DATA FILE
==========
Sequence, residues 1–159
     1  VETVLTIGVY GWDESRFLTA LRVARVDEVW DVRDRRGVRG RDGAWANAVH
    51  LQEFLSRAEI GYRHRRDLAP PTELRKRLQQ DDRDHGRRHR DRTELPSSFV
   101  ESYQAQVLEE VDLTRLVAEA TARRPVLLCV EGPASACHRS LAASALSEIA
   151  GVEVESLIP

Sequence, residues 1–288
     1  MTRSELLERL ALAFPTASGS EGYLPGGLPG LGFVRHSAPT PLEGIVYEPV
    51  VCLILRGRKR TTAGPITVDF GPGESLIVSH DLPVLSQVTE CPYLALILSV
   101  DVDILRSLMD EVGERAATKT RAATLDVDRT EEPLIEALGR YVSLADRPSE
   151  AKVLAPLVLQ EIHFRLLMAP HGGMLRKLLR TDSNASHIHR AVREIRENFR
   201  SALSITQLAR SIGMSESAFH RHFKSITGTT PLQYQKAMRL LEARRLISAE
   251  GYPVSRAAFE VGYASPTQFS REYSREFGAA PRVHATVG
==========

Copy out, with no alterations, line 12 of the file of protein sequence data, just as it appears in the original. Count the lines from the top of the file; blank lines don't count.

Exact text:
   251  GYPVSRAAFE VGYASPTQFS REYSREFGAA PRVHATVG